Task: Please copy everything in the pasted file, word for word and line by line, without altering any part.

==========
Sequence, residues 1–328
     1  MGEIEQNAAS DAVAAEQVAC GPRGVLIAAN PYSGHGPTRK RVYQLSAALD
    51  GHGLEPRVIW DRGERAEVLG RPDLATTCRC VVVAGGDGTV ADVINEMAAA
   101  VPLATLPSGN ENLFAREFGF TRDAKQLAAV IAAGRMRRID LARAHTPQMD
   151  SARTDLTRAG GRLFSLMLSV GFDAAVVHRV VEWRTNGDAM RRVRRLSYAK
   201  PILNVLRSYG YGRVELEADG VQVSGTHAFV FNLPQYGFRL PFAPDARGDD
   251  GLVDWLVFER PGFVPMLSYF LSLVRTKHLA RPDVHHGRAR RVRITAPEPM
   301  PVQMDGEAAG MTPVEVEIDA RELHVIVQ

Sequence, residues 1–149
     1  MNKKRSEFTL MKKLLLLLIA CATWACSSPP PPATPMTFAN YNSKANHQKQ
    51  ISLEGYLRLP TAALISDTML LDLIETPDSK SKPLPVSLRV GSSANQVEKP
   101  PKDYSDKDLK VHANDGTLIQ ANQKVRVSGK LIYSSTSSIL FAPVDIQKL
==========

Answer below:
Sequence, residues 1–328
     1  MGEIEQNAAS DAVAAEQVAC GPRGVLIAAN PYSGHGPTRK RVYQLSAALD
    51  GHGLEPRVIW DRGERAEVLG RPDLATTCRC VVVAGGDGTV ADVINEMAAA
   101  VPLATLPSGN ENLFAREFGF TRDAKQLAAV IAAGRMRRID LARAHTPQMD
   151  SARTDLTRAG GRLFSLMLSV GFDAAVVHRV VEWRTNGDAM RRVRRLSYAK
   201  PILNVLRSYG YGRVELEADG VQVSGTHAFV FNLPQYGFRL PFAPDARGDD
   251  GLVDWLVFER PGFVPMLSYF LSLVRTKHLA RPDVHHGRAR RVRITAPEPM
   301  PVQMDGEAAG MTPVEVEIDA RELHVIVQ

Sequence, residues 1–149
     1  MNKKRSEFTL MKKLLLLLIA CATWACSSPP PPATPMTFAN YNSKANHQKQ
    51  ISLEGYLRLP TAALISDTML LDLIETPDSK SKPLPVSLRV GSSANQVEKP
   101  PKDYSDKDLK VHANDGTLIQ ANQKVRVSGK LIYSSTSSIL FAPVDIQKL